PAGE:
Bekler, H. | Bulut, G. | Usta, M. | Gokce, A. | Okyar, F. | Beyzadeoglu, T.
Article | 2008 | Acta Orthopaedica et Traumatologica Turcica42 ( 2 ) , pp.125 - 129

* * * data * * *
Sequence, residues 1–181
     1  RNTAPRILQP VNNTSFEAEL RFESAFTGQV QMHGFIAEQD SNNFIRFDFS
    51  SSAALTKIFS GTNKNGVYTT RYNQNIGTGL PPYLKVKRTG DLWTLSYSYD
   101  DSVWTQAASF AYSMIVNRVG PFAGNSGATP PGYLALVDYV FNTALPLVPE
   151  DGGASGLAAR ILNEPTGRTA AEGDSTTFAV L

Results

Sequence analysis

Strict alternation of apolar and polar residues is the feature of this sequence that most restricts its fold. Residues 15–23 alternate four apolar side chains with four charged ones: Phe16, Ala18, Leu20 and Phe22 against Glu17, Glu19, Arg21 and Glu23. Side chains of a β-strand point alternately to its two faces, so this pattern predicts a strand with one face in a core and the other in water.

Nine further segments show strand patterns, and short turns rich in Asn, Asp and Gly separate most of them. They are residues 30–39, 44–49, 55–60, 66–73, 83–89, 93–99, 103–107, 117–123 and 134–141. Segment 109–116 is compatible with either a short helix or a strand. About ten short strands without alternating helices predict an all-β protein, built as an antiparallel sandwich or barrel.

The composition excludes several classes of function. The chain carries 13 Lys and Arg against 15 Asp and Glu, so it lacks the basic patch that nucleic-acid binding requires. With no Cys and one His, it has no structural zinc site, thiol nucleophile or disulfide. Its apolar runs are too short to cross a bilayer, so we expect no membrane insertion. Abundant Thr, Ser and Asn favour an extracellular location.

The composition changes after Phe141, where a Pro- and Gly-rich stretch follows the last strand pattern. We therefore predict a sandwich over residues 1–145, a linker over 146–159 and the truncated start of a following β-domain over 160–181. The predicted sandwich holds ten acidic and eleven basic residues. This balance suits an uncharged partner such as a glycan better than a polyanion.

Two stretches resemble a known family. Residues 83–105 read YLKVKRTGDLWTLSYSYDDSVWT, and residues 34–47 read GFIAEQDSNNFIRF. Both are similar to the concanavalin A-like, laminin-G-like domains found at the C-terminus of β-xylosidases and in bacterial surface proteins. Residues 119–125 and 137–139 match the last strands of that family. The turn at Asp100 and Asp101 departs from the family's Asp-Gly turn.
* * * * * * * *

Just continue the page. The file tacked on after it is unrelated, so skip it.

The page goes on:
Objectives: This experimental study was designed to find new ways of improving stabilization of fractures in osteoporotic elderly patients through alterations made in the configuration and geometry of locked screw-plate fixation used in the conventional plate technique. Methods: Four screw configurations with varying angulations were used for plate-bone construction. Forty iron plates of high quality (100×35×3 mm) were divided into four groups and two screw holes, 3 mm in diameter, were drilled on each plate at a distance of 15 mm. In group A, the holes were drilled so that the screws would be vertically sent to the bone interface. . . .In the remaining groups, the holes were drilled for convergent (group B, 15°) and divergent (group C, 15°; group D, 30°) screw orientation. Screw-plate fixation was tested in a modified osteoporotic bone (Osteoporotic Generic Bone, Synbone) on an Instron materials testing system with an axial pullout force of 0.1 mm/sec. Failure loads were read from load-displacement curves and the type of failure was noted. Results: Screws placed in divergent orientations showed the highest axial pull-out strength (group C, 83.3 N/mm; group D, 80.8 N/mm), followed by convergent placement (72N/mm) and vertical placement (66.7 N/ mm). The type of failure was breakage of the bone sample in divergent configurations, and screw pull-out in convergent and vertical configurations. Conclusion: Divergent constructs may be a promising alternative to conventional screw placement in treating osteoporotic fractures. ©2008 Turkish Association of Orthopaedics and Traumatology